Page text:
New Music Virtual Town Hall
Our Digital Present and Future Explored
By: Susan Hall - Apr 07, 2020
New Music Virtual Town Hall
5 to 6, April 7, 2020
Led by Jennifer Kessler, Executive Director
Ross Karre, co-Artistic Director and Director of digitICE.org
Rebekah Heller, co-Artistic Director*
Joined by Bridgid Bergin, Production and Communications Coordinator
Maciej Lewandkowski, Director of Production
A percussion group from the Manhattan School of Music offered a concert on Zoom on April 6. Each performer had his own window. All performers remained on the grid all the time, but when one performer was featured, his screen was outlined. Headsets connected the performers. It was lively and fun.
On the following day, the International Contemporary Ensemble hosted a virtual town hall to discuss concert performance in this, the worst of times, and how it might become the best. In this age of foolishness, wisdom is peaking through. Assembled for the Town Hall were artists and audience from the world of streaming.
One participant spoke about Music on the Rebound reviving Pauline Oliveros' Tuning Meditation (a Metropolitan Museum version). People from the world over are participating in the current event on Saturdays at 5.
Another digital curator, Shaya Lyon of Live Music Project talked about an effort to create an audience for live-streamed events. Humans want and need more than an earplug connection to their soundscape. They want to be there. Zoom offers that possibility.
Eun Lee has a day job at Carnegie Hall. At the same time she runs The Dream Unfinished Orchestra. Each season is centered about a theme. This year's is voting rights. Live performances are on hold, so Lee is planning a digital season to coincide with the fall elections. The Red, White and Blues will use classical music to spark voter interest in voting rights and voter suppression, and promote greater civic engagement throughout NYC. The history of racially motivated voter suppression efforts will be reflected in music by Native-American composer Juantio Becenti and Black composer Wendell Logan; the disenfranchisement of incarcerated populations will be represented in music by Joseph Bologne - an Afro-French composer imprisoned in the aftermath of the French Revolution. The voting record of women of color will be presented through composers of color such as Margaret Bonds and Jessie Montgomery.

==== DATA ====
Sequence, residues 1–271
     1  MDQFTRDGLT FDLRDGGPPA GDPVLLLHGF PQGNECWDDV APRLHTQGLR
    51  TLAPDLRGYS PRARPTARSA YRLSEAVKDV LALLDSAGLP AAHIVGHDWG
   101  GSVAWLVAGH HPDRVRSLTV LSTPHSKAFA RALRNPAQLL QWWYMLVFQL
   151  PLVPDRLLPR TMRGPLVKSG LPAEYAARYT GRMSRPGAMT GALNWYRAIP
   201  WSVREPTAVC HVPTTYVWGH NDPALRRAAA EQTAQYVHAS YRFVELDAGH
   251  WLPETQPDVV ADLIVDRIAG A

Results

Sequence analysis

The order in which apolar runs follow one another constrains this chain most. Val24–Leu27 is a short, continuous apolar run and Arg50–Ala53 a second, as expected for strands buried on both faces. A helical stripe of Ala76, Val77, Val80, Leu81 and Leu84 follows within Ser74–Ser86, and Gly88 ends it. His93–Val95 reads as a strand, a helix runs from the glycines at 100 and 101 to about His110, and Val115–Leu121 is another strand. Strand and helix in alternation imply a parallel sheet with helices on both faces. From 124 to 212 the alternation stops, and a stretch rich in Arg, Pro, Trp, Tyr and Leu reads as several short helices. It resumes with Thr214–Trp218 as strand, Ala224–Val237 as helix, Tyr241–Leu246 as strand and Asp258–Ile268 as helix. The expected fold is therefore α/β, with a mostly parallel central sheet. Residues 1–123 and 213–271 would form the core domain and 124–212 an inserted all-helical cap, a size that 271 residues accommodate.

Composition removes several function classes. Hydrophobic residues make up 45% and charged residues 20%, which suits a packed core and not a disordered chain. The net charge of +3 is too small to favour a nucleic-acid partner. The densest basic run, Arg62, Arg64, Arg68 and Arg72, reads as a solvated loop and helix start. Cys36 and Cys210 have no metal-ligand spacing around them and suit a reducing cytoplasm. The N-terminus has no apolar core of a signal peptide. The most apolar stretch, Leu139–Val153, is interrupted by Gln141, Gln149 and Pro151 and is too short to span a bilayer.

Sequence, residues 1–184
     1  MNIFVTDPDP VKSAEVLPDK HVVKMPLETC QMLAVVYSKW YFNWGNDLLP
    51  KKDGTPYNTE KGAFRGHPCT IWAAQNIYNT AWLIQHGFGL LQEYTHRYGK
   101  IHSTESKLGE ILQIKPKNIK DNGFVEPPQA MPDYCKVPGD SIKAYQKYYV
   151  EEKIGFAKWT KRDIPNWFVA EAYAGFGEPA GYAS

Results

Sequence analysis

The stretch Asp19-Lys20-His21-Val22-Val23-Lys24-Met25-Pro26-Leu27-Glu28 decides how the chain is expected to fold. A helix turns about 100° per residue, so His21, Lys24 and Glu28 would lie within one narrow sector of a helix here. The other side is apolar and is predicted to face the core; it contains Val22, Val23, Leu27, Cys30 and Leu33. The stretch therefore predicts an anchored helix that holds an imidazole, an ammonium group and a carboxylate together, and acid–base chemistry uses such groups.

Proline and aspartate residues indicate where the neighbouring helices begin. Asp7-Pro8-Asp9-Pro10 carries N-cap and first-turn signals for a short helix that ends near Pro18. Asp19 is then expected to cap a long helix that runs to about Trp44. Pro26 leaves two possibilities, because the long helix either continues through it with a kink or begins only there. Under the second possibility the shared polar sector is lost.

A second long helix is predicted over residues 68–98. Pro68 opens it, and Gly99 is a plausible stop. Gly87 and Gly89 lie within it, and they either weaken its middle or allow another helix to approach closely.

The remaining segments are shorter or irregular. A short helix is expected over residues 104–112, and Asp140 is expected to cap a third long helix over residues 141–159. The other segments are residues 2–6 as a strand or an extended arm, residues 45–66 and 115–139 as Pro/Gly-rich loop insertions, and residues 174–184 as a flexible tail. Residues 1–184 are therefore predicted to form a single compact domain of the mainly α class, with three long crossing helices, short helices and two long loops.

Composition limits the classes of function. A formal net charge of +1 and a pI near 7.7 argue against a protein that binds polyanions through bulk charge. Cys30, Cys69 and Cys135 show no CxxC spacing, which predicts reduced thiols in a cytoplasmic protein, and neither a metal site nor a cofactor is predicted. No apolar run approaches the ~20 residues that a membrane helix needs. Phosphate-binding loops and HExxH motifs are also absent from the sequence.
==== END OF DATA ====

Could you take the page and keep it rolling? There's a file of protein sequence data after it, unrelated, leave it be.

Movement to improvisation has led some entrepreneurs to fund raise during concerts. Discussion centered around the possibility of voluntary ticketing. If we were planning to buy a ticket to an event we are now streaming, punching up PayPal seems logical. (It was suggested that the PayPal account be in the name of the sponsoring group, and that is be a 501 c(3).
Edward Yim, President of the American Composers Orchestra joined in to talk about their commissioning program for emerging composers. During this tough time, ACO asked grantees if they were employed and earning a salary at this time. One composer said Yes, and that his grant should be given to a composer who had no income now.
ICE had planned to perform in the Opera Omaha ONE Festival on March 20th, but the event was cancelled. Collective Reverberations was to be a free, family-friendly sound exploration about site-adaptation, bringing the audience into music from all sides featuring concentric circles of radiating sound. ICE migrated Collective Reverberation to the virtual space. Follow along an exquisite-corpse-chain-letter featuring antique railroad spikes and electronic sounds.
As prescient journalist Henry Luce once said, Where it will all end, knows God. Yet this beginning dialogue, collaborative, border crossing and music driven, is provocative and hopeful.